Wednesday, June 20, 2012

Where Would he Go?

I'm excited. My new website is live . . . I think. I'm getting mixed messages. But this link seems to work, Please take it for a test ride and let me know what you think!

Thanks for your patience. Back to "Storm's Story," from my original website.

Where Would he Go?
April 17, 2008

Writing a novel starts out like creating an intricate tiled mosaic. I mull and think, much like an artisan would play with different colors and sizes of stone and glass. Pieces sift out of my brain, remembered either from my own experience, conversations with others, or triggered by research, other novels, movies, even pop songs. I try different pieces, discard some, keep others. If I keep my eyes and ears open, the pieces I’m missing arrive, sent by someone much wiser than me who always knows exactly what I need.

Once I had Michael’s voice in my head and knew I’d throw a hurricane at him, I needed to figure out what to do with my scuba guy after the storm stole his life.

A few days following the free write session, I went to a lecture by Mel Glenn. He spoke about creating a cool teen girl character and sending her to Brooklyn, his home town, and creating a shy young man (much like himself as a teen) to fall for her.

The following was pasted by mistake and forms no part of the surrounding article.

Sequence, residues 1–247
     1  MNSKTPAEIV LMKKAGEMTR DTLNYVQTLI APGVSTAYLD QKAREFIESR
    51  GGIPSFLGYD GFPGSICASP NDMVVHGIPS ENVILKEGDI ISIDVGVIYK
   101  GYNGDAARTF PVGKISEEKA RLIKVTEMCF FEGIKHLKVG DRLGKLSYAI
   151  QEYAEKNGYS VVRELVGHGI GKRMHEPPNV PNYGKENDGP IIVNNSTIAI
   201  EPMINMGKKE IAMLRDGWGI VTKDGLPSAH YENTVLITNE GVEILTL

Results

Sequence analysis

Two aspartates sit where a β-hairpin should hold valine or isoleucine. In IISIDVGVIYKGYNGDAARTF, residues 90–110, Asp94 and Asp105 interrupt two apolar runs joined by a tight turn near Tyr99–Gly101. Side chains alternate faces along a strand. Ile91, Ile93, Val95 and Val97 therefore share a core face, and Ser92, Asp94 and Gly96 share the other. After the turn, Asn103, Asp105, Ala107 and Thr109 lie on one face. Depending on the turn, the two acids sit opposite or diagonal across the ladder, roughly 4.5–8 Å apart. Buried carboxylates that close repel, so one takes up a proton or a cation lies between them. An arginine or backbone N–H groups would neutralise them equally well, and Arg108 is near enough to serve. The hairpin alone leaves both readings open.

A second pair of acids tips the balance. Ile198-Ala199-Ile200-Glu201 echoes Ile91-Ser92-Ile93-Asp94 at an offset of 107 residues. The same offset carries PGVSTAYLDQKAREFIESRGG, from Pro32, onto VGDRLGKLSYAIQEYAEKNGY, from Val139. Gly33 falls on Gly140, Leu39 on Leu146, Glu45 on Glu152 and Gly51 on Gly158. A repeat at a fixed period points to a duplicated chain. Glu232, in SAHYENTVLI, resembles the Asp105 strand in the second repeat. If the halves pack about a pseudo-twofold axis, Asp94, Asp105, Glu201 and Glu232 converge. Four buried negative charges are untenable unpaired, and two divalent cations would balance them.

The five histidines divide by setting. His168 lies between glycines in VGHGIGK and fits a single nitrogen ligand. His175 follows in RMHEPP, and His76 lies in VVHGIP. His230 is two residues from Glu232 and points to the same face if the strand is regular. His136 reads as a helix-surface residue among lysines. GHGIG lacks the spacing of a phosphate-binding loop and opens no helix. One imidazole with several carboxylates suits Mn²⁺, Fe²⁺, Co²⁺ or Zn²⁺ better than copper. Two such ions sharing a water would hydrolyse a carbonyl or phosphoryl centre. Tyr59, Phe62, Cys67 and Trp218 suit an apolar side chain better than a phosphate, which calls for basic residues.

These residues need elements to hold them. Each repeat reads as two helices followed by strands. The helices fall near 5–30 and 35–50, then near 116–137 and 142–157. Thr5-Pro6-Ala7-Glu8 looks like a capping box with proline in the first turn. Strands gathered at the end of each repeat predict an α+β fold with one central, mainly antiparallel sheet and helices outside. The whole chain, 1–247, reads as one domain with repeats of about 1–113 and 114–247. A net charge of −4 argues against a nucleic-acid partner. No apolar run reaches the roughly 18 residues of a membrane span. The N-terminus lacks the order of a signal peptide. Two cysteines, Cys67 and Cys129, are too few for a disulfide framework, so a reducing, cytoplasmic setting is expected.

A-ha! Why couldn’t I do that? Writer’s are always and forever told to write what we know. As a young writer, I detested that advice. I knew so little--a rural farming town in Eastern Washington and a pig farm that I had recently escaped. I didn’t want to write about that. But with years of perspective to help, I realized that my small town high school and my grandmother’s tiny white house would be the perfect place to strand an urban teen used to traveling the world scuba diving with his parents.

And my diver would inevitably meet the only Mormon girl in that school (much like myself as a teen), and for the first time in her life, she’d be faced with a guy she  cared for deeply who needed her like no one ever needed her before.

My high school where I made Michael go to school.

Downtown Tekoa. Notice the Variety Store? Remember that scene?

This is the infamous railroad trestle.

My grandmother's house in Tekoa. It was so pretty when she lived there. Trees and flowers.

Here's the wheat fields I surrounded Michael with.

Oh, there's Leesie tearing up the road! 

The farmhouse I where I lived growing up. It was white back then.

Tekoa Mountain. I know it's a hill, but it's the highest hill around.

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